Pomeranians originated in an area between Germany and Poland called Pomeranian. They are descendants of the heavier and larger Spitz breed, and were popular pets for historical royals such as Marie Antoinette and Queen Victoria. Britain's longest-reigning monarch was the first to breed the Pomeranians into the smaller size they are today. Queen Victoria also first entered Pomeranians into breed show, and they were first recognized by the English Kennel Club in 1870.
These furry friends come in many different colors and sizes. They can be white, black, brown, red, orange, cream, gray/blue, sable, and black-and-tan with spotted or brindled markings. They are also "toy" or "teacup" Pomeranians weighing 2-3 pounds, though they are not recognized as an official breed.
Pomeranians are often viewed as yappy, ill-tempered and high strung pets. They have a reputation of being difficult with children, suspicious and noisy toward strangers, with tendencies to be nervous or aggressive. These bad behaviors occur usually because their master has not properly trained them well, or has not diligently taken leadership over them. Because of the relative "cuteness" of their little faces, many owners pamper the pup until they believe they are the pack leader. The Pomeranian requires consistent training from an authoritative owner, or they will try to "boss" the human around. If they receive proper restraints, they can be quite intelligent, loyal and obedient dogs. Though they have a need to be socialized and posses a lot of energy, Pomeranians prove to be good watch dogs, and comforting companions to the elderly. Pomeranians have also proven to be entertainers, superior circus performers and can be trained to do many tricks.
The small size of Pomeranians can lead to "small dog syndrome" where the dog believes he gets to call the shots, if he complains loudly enough. With a firm and gentle hand, the owner will need to communicate authority to the Pomeranian, setting firm boundaries, and teaching that barking is not acceptable, etc. They thrive with limit, and require exercise every day. If they are given clear commands, and trained to do tricks and tasks, they can prove to be stable and affable pets.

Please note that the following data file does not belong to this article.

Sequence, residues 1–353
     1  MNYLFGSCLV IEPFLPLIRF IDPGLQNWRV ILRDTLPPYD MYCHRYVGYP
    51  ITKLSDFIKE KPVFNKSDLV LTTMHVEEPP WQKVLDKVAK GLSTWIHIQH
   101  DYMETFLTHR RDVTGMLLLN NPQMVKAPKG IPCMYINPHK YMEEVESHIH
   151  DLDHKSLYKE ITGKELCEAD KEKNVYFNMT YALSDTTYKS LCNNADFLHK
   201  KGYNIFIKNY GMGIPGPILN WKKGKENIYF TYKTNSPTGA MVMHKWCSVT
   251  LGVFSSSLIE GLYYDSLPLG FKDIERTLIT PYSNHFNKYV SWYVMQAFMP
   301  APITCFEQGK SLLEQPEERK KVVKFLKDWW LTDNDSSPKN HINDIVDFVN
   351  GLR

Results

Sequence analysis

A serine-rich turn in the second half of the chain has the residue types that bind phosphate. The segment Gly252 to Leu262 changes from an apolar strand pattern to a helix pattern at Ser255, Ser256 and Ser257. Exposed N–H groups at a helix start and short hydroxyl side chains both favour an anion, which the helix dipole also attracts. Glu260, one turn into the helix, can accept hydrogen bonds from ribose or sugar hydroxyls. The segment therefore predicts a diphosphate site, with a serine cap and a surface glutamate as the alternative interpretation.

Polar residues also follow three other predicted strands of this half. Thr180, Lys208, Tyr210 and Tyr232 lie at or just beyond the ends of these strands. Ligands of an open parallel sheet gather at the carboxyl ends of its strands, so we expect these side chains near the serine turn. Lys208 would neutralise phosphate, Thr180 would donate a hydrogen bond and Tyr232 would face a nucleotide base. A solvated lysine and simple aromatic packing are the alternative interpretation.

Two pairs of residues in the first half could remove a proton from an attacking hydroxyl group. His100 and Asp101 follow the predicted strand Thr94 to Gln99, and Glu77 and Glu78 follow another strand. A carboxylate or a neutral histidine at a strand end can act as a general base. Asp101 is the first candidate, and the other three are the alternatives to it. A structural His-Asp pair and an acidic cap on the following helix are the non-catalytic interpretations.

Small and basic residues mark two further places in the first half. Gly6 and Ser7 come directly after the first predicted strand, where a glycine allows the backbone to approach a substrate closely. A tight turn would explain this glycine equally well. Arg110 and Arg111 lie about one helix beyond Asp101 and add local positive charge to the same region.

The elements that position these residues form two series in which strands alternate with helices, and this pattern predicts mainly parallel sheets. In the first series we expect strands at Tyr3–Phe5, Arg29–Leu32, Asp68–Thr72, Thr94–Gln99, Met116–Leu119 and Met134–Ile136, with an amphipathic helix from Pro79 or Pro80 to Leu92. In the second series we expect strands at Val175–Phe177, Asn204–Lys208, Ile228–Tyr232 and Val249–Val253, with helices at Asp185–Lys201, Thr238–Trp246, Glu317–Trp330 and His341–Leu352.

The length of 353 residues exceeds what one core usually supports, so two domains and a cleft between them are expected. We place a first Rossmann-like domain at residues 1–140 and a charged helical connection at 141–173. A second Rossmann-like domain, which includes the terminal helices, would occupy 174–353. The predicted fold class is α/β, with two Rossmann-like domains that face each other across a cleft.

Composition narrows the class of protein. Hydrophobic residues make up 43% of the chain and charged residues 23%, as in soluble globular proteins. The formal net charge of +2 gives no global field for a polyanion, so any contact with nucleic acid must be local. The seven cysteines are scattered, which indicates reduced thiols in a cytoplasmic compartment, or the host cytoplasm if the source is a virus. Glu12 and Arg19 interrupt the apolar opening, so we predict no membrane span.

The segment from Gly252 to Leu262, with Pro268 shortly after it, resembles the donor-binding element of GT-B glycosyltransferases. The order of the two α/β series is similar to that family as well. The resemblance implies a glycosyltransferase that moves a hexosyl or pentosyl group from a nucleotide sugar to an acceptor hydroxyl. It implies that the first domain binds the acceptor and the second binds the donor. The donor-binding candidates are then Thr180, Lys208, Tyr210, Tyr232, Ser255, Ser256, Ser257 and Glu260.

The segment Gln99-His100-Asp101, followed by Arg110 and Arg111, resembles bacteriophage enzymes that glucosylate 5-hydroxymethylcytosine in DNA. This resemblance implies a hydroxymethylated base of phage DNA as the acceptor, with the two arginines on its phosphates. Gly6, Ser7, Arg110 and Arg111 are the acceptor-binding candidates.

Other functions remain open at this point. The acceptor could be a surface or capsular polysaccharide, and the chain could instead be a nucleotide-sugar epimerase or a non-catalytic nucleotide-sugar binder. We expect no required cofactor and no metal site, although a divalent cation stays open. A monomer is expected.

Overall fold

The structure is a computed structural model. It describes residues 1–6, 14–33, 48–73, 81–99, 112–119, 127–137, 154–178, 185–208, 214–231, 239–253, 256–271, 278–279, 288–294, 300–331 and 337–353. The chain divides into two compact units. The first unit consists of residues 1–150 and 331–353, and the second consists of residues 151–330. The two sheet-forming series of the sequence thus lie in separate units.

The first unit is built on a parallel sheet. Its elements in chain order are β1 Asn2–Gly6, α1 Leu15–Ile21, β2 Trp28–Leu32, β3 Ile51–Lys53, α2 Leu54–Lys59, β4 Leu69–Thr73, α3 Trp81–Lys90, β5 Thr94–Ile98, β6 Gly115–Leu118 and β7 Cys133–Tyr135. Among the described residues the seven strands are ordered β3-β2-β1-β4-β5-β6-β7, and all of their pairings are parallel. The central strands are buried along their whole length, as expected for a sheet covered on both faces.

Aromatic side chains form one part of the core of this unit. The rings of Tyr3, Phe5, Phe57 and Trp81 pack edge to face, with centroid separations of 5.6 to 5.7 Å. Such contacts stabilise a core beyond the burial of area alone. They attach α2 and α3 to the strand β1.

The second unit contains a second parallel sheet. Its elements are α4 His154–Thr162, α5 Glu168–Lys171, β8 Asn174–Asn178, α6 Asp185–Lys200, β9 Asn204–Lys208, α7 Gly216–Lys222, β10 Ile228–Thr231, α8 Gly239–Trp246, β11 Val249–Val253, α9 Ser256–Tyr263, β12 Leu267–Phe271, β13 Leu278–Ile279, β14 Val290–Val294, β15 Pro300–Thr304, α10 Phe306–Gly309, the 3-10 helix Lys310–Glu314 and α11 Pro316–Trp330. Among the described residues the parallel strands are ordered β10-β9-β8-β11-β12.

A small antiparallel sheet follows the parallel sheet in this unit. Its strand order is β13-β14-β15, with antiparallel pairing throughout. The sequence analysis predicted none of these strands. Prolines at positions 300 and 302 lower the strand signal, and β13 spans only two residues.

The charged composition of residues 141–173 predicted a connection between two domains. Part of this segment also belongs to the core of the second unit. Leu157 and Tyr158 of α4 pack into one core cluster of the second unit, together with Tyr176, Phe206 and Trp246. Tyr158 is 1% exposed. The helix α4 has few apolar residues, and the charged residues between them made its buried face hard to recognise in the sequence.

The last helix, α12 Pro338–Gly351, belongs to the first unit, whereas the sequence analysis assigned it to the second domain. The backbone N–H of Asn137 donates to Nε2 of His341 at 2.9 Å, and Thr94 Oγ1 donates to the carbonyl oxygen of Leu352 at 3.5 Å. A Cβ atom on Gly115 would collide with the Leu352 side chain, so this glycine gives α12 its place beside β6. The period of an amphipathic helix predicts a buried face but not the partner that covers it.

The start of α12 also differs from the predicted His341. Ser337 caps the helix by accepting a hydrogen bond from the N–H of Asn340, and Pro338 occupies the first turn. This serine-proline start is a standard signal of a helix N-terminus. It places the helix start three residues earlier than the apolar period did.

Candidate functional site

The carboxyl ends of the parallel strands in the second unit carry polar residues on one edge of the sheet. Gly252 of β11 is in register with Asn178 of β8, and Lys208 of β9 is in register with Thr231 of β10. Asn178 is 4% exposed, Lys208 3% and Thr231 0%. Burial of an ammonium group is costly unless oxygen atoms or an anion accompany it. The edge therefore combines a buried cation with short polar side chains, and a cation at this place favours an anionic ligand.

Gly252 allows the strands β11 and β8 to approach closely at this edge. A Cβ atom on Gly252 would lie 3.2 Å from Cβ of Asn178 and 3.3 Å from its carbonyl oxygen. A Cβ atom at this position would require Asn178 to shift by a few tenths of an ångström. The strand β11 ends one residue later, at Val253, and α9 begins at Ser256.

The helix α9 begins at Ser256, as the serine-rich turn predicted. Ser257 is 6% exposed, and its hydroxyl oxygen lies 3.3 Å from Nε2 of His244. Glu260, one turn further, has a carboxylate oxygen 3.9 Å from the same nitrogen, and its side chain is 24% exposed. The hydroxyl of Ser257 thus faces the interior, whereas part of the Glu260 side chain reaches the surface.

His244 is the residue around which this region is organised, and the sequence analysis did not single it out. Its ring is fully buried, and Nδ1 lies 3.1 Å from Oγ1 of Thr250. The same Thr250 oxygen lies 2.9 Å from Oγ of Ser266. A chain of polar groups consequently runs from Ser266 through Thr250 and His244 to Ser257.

Pomeranians suffer from numerous ailments such as tooth decay, skin allergies and discomfort, bald spots caused by aging, eye infections, knee cap displacement, tracheal collapse, as well as other various maladies of ranging severity. The tooth decay and mouth discomfort can be alleviated by healthful chews and dry organic food.
These vivacious little canines need ample exercise, beyond what can occur by just playing in the living room. They will need long daily walks to avoid agitating any negative behavioral issues.
This breed prefers indoor living, as they tend to be temperature sensitive and will need to have access to climate controlled areas. Pomeranians are content living in apartments, but will need to be reminded that the space is not entirely theirs to roam. Establishing good boundaries in a smaller living space will help identify the authority of the owner over the dog.
Because of their elaborately thick coats, Pomeranians will need to be brushed daily. Be informed that Pomeranians are constantly shedding, and will need also a dry shampoo, attention to their eyes and ears, as well as and regular vet/dental checkups.